|US7014943 *||Apr 21, 2003||Mar 21, 2006||Industrial Technology Research Institute||Thin-film gas diffusion electrode and the method for making the same|
|US7541308||Mar 29, 2002||Jun 2, 2009||Cabot Corporation||Fuel cells and other products containing modified carbon products|
|US7553512||Nov 1, 2002||Jun 30, 2009||Cabot Corporation||Method for fabricating an inorganic resistor|
|US7722981||Sep 11, 2006||May 25, 2010||Nanotek Instruments, Inc.||Electro-catalyst composition, fuel cell electrode, and membrane-electrode assembly|
|US7785498||Aug 31, 2010||Nanotek Instruments, Inc.||Method of producing conducting polymer-transition metal electro-catalyst composition and electrodes for fuel cells|
|US8119305||Jun 10, 2010||Feb 21, 2012||Ini Power Systems, Inc.||Electrochemical cells|
|US8158300||Apr 17, 2012||Ini Power Systems, Inc.||Permselective composite membrane for electrochemical cells|
|US8163429||Feb 5, 2009||Apr 24, 2012||Ini Power Systems, Inc.||High efficiency fuel cell system|
|US8202669||Oct 19, 2006||Jun 19, 2012||Nanotek Instruments, Inc.||Electro-catalyst compositions for fuel cells|
|US8318385||Sep 19, 2006||Nov 27, 2012||Nanotek Instruments, Inc.||Process for producing fuel cell electrode|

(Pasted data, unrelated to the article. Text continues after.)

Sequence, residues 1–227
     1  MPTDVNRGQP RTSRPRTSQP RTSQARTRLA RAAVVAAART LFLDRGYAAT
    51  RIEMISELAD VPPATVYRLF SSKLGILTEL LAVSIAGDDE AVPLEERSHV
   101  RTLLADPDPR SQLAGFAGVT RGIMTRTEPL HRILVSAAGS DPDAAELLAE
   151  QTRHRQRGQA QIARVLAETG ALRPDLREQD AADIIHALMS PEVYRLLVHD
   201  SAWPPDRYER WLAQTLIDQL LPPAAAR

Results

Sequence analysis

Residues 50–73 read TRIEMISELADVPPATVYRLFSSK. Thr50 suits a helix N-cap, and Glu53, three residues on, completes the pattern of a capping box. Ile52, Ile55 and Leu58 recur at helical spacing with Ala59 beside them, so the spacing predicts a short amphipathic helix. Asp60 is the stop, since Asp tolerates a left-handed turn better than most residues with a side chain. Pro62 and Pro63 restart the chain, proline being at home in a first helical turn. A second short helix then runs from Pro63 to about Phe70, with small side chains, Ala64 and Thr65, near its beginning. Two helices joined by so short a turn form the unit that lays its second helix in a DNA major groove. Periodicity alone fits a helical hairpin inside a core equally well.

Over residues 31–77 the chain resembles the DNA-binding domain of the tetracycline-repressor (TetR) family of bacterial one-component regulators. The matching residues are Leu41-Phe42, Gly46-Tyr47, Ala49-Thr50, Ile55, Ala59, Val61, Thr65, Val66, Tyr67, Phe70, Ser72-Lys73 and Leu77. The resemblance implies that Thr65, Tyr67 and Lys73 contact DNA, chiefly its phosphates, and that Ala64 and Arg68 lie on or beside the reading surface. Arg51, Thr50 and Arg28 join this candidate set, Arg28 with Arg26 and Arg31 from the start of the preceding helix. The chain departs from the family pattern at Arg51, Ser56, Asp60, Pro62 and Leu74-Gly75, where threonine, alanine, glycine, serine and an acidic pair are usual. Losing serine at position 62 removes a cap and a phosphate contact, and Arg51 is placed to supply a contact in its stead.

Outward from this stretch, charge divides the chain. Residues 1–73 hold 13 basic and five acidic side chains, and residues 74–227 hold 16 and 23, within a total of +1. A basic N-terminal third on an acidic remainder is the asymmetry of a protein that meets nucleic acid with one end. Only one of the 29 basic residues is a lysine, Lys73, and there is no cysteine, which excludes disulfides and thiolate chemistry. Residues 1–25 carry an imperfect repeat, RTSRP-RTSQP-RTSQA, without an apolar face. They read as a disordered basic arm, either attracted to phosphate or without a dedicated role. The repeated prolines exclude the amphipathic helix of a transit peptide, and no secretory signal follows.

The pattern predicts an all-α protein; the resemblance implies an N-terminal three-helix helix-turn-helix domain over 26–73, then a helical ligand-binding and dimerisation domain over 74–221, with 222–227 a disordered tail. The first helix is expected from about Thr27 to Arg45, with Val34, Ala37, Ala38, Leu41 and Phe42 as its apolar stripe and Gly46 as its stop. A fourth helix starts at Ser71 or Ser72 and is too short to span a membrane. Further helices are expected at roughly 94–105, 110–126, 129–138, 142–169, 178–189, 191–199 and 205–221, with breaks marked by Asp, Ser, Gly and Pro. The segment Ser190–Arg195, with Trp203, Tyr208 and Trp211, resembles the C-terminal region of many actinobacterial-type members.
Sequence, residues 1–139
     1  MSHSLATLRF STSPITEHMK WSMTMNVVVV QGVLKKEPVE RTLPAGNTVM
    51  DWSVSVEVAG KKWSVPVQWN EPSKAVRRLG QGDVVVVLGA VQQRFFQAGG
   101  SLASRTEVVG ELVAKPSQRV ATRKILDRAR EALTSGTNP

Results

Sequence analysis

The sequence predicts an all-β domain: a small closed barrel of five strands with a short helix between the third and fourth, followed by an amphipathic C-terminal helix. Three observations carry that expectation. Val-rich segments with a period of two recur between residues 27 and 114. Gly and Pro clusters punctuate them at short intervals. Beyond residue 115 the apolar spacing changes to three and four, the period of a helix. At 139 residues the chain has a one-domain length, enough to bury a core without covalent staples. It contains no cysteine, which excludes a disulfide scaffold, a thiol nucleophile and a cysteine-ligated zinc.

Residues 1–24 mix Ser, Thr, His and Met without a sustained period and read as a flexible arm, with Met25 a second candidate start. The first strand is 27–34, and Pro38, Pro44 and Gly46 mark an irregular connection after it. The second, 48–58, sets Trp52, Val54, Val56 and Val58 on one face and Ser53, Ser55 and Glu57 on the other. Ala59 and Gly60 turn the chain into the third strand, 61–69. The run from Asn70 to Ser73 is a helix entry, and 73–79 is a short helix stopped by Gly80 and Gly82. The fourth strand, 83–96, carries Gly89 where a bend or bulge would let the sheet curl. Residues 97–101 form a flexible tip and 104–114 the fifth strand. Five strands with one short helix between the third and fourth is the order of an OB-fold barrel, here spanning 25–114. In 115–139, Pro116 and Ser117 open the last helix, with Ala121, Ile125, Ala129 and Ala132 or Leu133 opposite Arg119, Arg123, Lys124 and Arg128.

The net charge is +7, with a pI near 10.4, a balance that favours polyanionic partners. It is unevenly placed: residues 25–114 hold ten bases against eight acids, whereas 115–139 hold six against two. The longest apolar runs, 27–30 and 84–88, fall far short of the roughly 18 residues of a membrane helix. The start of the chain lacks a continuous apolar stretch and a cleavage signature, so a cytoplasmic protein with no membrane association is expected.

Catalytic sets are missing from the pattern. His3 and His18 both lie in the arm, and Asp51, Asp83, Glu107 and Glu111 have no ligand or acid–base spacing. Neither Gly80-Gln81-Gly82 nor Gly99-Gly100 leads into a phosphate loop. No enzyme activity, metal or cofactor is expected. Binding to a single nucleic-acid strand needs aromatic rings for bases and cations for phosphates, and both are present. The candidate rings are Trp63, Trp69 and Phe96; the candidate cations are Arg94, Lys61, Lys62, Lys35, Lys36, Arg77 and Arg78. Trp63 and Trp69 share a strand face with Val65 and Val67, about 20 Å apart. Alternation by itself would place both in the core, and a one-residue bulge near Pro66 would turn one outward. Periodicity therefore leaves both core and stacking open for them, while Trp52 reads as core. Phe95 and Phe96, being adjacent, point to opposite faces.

|US8551667||Apr 17, 2008||Oct 8, 2013||Ini Power Systems, Inc.||Hydrogel barrier for fuel cells|
|US8783304||Nov 16, 2011||Jul 22, 2014||Ini Power Systems, Inc.||Liquid containers and apparatus for use with power producing devices|
|US9065095||Dec 22, 2011||Jun 23, 2015||Ini Power Systems, Inc.||Method and apparatus for enhancing power density of direct liquid fuel cells|
|US9126893 *||Jun 12, 2006||Sep 8, 2015||Honeywell International Inc.||Electrochemical cells, and gas sensor and fuel cell devices comprising same|
|US9126894||May 9, 2011||Sep 8, 2015||Honeywell International Inc.||Electrochemical cells, and gas sensor and fuel cell devices comprising same|